Brand ambassadors. Advocates. Cheerleaders. Fans. Whatever you call them, you know you want them: loyal members who attend your event year after year…who bring friends and colleagues…who spread the good word about your organization and your life-changing mission. At Rottman Creative, we like to think of these people as pilgrims.
What exactly is a pilgrim?
In a more literal sense, pilgrims are the devout faithful who make a journey to a holy site—often yearly—because it does something for them on a deep, meaningful level. It makes them feel inspired, connected, renewed, refreshed, and purposeful. Driven by a sense of duty, pilgrims make the journey a priority. They suspend their everyday lives to complete the pilgrimage. It’s not even a decision. It’s a must. Imagine if your event was a must for your members, a given part of their year and their lives.
Holy sites are filled with pilgrims. They also tend to be filled with camera-toting tourists who visit once, check it off their list, and never return. Chances are your event has plenty of tourists, probably too many. The good news is that tourists can be converted. Here’s how to turn casual attendees into loyal members who make your event a priority year after year.
At the event…
Offer something they can’t get anywhere else.
There’s only one Santiago de Compostela. Similarly, your event needs to be the place for inspiration and connectivity. One way to accomplish this is to provide exclusive offerings that members won’t find elsewhere. You might include continuing education credits, access to industry leaders, or event-only workshops and trainings. A word of caution, however. These are just things, and while they might get people in the door, they don’t build loyalty and encourage brand advocacy.
Deliver inherently uplifting experiences.
An inspired state requires you to create a spark for your members through brand experience. While spark involves all aspects of your event—from the mood music to the signage—meaningful activities can be especially powerful sources of inspiration. These might include a morning of volunteer work, an interactive game night, a mentorship program, or an outing to the ballpark.
The big idea is that experiences, not “stuff,” emotionally engage members and give them an extra reason to attend your event yearly. These activities make members feel good about being a part of something greater than themselves. Not to mention activities provide untold opportunities for connection and inspiration through unscripted networking. Ask yourself what experiences your event can offer members that they just can’t get virtually or remotely.
Provide meaningful mementos, not junky souvenirs.
Pilgrims often take home a vial of holy water or a bit of earth from a pilgrimage site. Similarly, unique promotional items can be meaningful reminders of your event and your organization. They serve as visual signals to unite tribe members and raise awareness for the uninitiated.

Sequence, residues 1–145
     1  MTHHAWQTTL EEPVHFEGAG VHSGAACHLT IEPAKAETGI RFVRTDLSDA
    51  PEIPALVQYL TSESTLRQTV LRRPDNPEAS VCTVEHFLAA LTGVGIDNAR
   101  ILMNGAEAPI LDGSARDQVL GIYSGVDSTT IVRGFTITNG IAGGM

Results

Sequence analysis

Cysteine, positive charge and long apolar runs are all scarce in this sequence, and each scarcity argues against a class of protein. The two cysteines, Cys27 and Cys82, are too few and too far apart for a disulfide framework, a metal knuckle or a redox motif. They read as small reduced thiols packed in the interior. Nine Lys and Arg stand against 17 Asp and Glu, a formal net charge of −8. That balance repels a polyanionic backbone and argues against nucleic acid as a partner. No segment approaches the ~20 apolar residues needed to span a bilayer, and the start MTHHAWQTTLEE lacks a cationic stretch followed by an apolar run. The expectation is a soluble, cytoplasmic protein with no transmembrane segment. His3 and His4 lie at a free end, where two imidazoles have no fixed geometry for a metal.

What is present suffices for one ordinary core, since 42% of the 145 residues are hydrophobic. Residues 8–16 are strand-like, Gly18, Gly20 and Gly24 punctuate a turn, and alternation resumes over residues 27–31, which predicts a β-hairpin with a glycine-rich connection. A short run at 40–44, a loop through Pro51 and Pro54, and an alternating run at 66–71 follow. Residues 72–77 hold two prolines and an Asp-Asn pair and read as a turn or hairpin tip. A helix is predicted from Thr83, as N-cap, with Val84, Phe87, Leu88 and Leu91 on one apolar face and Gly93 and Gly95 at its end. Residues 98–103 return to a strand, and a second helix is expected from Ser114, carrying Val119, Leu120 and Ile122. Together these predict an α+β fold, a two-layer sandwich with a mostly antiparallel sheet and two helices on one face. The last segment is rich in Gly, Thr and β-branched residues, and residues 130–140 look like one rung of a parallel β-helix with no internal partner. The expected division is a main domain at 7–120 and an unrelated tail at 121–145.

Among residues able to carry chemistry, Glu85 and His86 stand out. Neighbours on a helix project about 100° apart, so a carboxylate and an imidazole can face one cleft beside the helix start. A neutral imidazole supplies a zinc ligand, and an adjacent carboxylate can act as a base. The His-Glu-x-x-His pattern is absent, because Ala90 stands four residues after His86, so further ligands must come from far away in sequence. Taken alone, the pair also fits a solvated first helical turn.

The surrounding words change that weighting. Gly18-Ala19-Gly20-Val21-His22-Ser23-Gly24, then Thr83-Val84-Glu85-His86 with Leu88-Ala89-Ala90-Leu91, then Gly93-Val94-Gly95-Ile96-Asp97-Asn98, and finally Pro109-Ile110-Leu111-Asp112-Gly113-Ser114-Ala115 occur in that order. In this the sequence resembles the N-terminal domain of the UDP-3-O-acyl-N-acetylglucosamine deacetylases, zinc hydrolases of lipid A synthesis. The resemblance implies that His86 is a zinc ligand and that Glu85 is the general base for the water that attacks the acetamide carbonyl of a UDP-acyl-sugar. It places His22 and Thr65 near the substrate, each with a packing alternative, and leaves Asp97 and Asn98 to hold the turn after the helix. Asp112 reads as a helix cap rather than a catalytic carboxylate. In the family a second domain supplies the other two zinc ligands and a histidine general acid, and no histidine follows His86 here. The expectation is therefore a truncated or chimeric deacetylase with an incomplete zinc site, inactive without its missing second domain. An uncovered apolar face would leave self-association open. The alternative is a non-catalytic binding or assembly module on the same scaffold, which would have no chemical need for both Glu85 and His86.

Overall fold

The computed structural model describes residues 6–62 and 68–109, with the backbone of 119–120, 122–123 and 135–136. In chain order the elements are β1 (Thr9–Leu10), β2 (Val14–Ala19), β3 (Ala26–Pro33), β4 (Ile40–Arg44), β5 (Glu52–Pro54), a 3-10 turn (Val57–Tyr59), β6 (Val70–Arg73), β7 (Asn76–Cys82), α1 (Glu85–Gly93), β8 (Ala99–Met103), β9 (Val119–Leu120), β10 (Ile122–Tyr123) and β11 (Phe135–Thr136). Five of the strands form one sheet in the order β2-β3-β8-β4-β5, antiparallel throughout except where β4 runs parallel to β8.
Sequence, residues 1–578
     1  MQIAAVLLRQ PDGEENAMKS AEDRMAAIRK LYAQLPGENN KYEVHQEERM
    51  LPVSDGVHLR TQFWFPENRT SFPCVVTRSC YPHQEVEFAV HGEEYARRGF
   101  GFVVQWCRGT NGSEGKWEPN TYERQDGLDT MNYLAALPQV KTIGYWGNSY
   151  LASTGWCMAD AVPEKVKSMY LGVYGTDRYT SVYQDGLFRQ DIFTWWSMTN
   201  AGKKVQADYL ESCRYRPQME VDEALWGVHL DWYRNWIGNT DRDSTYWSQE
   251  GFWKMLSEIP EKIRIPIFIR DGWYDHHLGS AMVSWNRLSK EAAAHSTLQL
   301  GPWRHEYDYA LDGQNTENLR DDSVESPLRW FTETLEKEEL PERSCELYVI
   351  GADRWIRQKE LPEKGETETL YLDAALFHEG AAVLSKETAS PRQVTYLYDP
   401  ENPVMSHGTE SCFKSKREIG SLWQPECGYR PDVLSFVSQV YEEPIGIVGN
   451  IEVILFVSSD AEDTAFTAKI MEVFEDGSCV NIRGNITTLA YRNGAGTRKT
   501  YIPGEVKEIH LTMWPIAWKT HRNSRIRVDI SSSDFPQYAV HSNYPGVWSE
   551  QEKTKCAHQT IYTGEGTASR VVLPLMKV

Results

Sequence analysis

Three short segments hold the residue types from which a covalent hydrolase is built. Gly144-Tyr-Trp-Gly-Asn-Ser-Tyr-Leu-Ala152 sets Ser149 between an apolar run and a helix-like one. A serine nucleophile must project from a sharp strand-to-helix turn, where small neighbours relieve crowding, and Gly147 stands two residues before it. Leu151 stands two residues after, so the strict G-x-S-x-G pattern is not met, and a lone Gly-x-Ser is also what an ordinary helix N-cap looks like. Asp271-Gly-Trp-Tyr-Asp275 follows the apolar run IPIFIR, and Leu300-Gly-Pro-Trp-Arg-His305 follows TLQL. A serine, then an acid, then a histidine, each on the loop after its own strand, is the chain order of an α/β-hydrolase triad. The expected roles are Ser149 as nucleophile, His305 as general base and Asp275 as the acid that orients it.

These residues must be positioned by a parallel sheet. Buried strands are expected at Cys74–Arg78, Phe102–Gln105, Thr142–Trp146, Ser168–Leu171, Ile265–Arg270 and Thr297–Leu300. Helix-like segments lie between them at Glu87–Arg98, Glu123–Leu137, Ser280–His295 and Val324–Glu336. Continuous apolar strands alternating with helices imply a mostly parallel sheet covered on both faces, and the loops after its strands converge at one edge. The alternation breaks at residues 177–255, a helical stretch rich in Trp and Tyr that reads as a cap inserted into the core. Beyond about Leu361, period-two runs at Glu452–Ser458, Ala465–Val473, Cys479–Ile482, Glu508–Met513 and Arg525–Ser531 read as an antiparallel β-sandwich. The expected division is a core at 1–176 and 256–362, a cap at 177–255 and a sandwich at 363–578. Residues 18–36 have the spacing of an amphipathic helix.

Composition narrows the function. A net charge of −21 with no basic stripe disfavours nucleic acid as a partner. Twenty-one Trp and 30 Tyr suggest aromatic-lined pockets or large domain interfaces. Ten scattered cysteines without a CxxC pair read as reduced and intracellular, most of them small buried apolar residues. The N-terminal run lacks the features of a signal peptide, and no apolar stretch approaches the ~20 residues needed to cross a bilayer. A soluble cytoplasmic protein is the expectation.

A few years back, travel review site TripAdvisor sent out branded magnets that read “I travel with TripAdvisor.” They asked users to share photos of the magnet clinging to cars, airports, and landmarks around the world. This simple, inexpensive item made existing users feel uplifted and connected to the TripAdvisor community (who doesn’t like to share their vacation photos?). At the same time, the magnet promoted the brand to the unaware.
Imagine how your organization might use tangible objects to unite and uplift your base. Maybe you ask members to tweet a picture wearing your branded clothing out in the field. Maybe you’ll host a crazy hat cocktail hour to encourage high-quality connections (1). You can add meaning and mileage to your promotional items by incorporating them into relevant marketing campaigns and your event itself. If your items don’t have meaning and purpose, you’re just adding to the babble…and the local landfill.
Throughout the year…
Stay in touch.
As our flashbacks to Sunday School remind us, even the most devout pilgrims need a little nudging and nurturing throughout the year. Connect and inspire members regularly using mailings, social media, online forums, and regional events. When it comes time to register for your annual conference, generate hype and action using specific triggers and targets.
It’s not enough to get an interested party to pay dues or register for your event. Once these tourists have checked your conference off their list you might never see them again. That puts you back in the dreaded cycle of acquisition and retention. To create true believers, loyal fans, cheerleaders, and advocates you will need to do more. You’ll need to have a marketing strategy that sets up optimal circumstances for inspiration and connection.
Share how you’re creating pilgrims for your association!
(1) Dutton, J. E., & Heaphy, E. D. (2003). The power of high-quality connections. Positive organizational scholarship: Foundations of a new discipline, 3, 263-278.
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